In its first update the YZF-R1 gained over 150 modifications, all aimed at taming the beast. After launching the bike, Yamaha discovered very quickly that the two-wheeled world wasn’t quite ready for a bike as violent as the 1998 model and it needed a bit of restraint. While the most obvious modifications were the toning down of the paint (no red seat, boo…)  and the replacement of the carbon exhaust end can with a titanium unit, under the skin this was a far more refined beast. The carb settings received a tweak, the engine had its friction losses reduced, the gearbox was improved and the R1 shed 2kg in weight. On paper these modifications seemed a little lacking, however Yamaha had also modified the R1’s chassis…

As well as beefing up the castings to make the chassis more rigid, the bottom yoke was stiffened up, the weight bias shifted more forward and the suspension overhauled, transforming the R1 from a slap-happy animal to a slightly less slap-happy creation that was at last rideable for the majority of riders. Although still a little bit scary…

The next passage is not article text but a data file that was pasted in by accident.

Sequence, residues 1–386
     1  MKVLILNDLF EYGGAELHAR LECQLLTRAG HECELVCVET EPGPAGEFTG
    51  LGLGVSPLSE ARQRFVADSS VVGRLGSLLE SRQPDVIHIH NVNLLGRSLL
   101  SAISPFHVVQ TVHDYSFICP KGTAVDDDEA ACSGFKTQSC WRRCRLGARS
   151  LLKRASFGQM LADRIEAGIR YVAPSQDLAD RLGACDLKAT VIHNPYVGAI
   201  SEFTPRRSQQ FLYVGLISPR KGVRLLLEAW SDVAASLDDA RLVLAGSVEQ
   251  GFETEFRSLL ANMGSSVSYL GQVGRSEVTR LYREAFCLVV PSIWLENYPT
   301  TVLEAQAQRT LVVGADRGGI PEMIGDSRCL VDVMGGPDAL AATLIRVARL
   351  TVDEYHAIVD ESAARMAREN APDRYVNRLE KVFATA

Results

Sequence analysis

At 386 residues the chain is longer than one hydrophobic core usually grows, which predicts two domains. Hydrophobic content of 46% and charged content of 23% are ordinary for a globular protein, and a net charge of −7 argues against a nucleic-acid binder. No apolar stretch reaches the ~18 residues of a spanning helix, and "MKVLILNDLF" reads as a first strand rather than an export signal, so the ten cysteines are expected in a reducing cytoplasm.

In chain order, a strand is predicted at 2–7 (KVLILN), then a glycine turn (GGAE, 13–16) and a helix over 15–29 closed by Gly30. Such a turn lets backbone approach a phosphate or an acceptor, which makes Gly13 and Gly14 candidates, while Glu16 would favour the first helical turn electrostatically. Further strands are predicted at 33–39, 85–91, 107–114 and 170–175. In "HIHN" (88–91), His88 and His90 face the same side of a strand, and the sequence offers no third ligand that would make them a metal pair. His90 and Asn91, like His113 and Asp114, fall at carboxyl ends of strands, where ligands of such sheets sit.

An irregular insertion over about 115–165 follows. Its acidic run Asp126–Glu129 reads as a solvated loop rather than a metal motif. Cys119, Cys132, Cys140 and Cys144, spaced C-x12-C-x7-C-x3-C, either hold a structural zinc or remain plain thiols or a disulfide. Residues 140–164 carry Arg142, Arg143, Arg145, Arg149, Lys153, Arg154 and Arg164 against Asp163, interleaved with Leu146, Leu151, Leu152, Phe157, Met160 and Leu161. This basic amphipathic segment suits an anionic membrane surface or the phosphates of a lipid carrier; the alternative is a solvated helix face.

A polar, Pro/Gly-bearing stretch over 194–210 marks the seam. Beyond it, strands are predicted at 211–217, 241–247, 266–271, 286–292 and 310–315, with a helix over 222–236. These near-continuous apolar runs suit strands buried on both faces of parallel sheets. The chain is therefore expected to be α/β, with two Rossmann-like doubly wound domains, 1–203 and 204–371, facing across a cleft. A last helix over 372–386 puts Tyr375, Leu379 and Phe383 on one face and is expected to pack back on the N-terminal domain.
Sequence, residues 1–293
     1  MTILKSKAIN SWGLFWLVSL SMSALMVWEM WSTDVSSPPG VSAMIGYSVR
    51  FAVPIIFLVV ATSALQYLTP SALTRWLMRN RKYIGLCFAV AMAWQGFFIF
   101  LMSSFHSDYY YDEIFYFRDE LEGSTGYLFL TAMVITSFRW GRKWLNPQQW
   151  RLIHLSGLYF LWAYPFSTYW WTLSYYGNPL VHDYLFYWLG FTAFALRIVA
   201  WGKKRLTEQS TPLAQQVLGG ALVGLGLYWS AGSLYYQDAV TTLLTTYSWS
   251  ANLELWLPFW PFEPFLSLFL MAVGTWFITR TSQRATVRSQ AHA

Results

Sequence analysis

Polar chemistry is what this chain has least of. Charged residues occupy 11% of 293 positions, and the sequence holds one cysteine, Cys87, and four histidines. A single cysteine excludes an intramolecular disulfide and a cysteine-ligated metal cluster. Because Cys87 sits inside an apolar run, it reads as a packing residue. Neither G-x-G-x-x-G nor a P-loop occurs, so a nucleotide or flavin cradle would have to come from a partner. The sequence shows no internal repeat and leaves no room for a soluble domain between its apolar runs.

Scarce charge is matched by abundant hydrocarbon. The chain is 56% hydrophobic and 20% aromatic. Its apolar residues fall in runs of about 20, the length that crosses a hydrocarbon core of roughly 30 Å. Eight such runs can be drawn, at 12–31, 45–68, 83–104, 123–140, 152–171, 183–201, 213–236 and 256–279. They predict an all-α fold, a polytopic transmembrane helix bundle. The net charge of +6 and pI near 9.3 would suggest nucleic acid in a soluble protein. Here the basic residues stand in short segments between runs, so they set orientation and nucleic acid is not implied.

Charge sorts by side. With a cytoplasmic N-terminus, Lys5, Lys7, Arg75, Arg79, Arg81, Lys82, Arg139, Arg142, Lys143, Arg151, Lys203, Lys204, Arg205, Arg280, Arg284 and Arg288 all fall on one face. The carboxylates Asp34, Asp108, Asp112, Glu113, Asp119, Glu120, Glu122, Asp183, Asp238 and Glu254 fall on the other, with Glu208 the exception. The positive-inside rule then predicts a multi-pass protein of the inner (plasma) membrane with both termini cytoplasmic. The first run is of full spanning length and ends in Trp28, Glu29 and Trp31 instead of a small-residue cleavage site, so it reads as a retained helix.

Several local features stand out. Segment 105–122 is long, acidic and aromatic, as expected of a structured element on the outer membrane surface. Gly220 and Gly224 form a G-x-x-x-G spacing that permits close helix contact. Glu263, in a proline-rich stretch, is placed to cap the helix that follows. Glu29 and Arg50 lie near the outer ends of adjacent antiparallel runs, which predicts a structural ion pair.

Specs

Engine:  998cc, inline four, 20v, DOHC

Bore x stroke: 74 x 58mm

Power: 150bhp @ 10,000rpm

Torque: 79ftlb @ 8,500rpm

Weight: 175kg


2002/03 Yamaha YZF-R1

2002 R1:full of refinement

When Yamaha built the 2002 R1 they did it with a very clear philosophy. This was a bike designed to work with the rider, not fight against them as the previous incarnations tended to do. The R1 had grown up and as well as a classy new look, this generation was all about refinement and elegance. However it was also the most advanced.

For 2002 Yamaha gave the R1 a very clever fuel injection system that thought it was a set of carbs. It wasn’t, however by using a CV carb-style vacuum piston to regulate the flow of air into the engine, the R1 had the same beautiful throttle response as a set of carbs. In 2002 this slick fuelling was a far cry from the horrors Honda were producing on the likes of the SP-1 or FireBlade. And the R1’s refinement didn’t stop there.